The San Antonio Spurs have a slight problem. It’s a problem that didn’t completely rear its head until the Western Conference Finals, but once we saw it we couldn’t get rid of it. When Tim Duncan wasn’t in the basketball game, the San Antonio Spurs couldn’t protect the paint and their overall defense went to Hell in a hand basket. Don’t believe me? Check out the Thunder’s offensive rating when Duncan is on the court and when Duncan is off the court. We’ve heard the Spurs want Boris Diaw back and that they want Erazem Lorbek to come over from Europe. That’s a fantastic way to keep the offense flowing, but it’s not going to improve their interior defense.
The Spurs faced a similar problem last season, just in a different position. They were undersized at shooting guard and small forward and were able to turn George Hill in to Kawhi Leonard, a cornerstone for the Spurs’ future. The same thing might need to happen this season. George Hill was a great Spurs and a good fit for the franchise, but trading him was the only way to improve and keep the core of the team together. This year’s draft has some guys in this year’s NBA Draft that could help the Spurs some defensive issues, but it might mean they have to part with Tiago Splitter in the process.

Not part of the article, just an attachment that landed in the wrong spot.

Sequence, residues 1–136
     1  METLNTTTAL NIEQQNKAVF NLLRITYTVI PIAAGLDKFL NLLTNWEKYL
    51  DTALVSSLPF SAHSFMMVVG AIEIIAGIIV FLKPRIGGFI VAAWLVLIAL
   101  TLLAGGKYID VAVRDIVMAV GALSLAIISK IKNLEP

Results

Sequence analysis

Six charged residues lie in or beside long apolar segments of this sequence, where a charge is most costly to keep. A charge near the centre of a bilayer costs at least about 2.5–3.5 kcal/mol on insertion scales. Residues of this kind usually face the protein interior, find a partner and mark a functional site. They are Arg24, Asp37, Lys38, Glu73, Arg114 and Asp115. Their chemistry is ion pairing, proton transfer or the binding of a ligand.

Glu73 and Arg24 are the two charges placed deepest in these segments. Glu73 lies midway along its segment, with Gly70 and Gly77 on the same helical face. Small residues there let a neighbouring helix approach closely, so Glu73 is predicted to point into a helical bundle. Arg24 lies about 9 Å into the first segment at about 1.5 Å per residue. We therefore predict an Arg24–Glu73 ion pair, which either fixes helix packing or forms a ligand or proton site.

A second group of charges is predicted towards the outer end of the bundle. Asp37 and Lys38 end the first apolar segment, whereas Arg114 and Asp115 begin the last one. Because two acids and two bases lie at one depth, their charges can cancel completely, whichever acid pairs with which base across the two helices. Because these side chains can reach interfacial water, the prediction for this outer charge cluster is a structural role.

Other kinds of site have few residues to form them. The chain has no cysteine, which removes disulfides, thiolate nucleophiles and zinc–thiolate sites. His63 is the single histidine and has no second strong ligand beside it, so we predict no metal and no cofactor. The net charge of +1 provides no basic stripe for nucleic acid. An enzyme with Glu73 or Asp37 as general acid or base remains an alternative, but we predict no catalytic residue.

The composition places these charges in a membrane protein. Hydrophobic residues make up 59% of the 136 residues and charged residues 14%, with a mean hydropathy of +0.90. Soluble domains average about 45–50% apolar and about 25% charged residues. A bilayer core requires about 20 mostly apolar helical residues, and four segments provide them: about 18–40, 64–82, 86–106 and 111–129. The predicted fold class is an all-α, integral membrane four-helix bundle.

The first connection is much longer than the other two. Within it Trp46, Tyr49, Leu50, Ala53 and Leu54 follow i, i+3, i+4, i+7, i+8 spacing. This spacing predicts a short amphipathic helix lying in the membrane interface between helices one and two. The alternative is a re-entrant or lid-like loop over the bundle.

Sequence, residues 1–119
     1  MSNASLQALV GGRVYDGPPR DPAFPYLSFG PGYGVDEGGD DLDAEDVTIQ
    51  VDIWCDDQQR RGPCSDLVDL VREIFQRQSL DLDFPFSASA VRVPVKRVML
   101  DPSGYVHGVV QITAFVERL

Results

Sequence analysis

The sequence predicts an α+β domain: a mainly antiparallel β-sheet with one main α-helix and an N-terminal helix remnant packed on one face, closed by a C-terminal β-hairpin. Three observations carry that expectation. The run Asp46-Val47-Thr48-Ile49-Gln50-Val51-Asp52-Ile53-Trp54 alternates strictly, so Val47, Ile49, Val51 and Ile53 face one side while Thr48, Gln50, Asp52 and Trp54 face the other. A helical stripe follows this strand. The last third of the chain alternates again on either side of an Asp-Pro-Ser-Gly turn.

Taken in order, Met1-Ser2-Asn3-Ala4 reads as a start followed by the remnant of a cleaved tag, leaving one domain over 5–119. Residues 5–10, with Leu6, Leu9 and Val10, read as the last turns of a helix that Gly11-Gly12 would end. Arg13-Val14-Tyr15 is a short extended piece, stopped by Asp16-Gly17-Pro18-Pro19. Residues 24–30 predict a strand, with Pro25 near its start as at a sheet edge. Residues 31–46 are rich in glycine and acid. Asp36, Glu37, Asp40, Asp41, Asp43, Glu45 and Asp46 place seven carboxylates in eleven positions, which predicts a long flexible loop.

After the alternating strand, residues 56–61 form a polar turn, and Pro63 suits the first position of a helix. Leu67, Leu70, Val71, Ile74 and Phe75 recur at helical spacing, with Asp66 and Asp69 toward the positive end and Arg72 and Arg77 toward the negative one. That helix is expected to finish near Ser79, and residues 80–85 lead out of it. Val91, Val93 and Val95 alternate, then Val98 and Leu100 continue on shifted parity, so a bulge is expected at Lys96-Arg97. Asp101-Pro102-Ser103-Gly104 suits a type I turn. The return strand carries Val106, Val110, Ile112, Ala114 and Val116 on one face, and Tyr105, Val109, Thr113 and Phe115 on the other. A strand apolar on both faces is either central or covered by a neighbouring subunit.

Make no mistake, I write being a big Tiago Splitter fan. His work as the role man in pick and roll situations is some of the best in the league and he’s almost too willing of a passer (people who aren’t fans of Splitter will see he’s weak around the basket). He’s a decent defender and the only other guy on the team besides Duncan we can consider a true center. When Duncan sat out games due to rest Splitter almost always did a fantastic job filling in. He is the San Antonio Spurs second best big man.
Two questions must be asked moving forward. The first is why trade Splitter and second is what is his value. The first question is easier to answer because it involves less of a guessing game. The reason you trade Splitter is because despite his talents, trading him will help fill a need that will make the Spurs more complete. As for his trade value, that’s more difficult to determine. At face value Splitter’s numbers are decent but not overwhelming. But look at his Player Efficiency Rating (PER) and Per 36 Minutes numbers. 17 points and nearly ten rebounds per 36 minutes are very good numbers and one could argue, though they’d be using a small sample size, that Splitter could be an all-star if he’s giving starter’s minutes in the right system.
I would argue Splitter is worth a late lottery pick. Late lottery teams (teams picking from spots 10-14) are teams that are most likely a piece or two away from making the playoffs. This year is no exception. The Portland Trailblazers (picking 11) will no doubt be angling to return to the playoffs next season, the Milwaukee Bucks (picking 12th) nearly made the playoffs this season and the Houston Rockets… well, let’s not discuss the Rockets and a prized Spurs big man. I would even argue that New Orleans, not wanting to overpay Chris Kaman, would be willing to trade the tenth pick in the draft if it got them some low post scoring. Let’s remember, Splitter only costs three million dollars this season and is a restricted free agent the following year. That’s a cheap price for a starting center.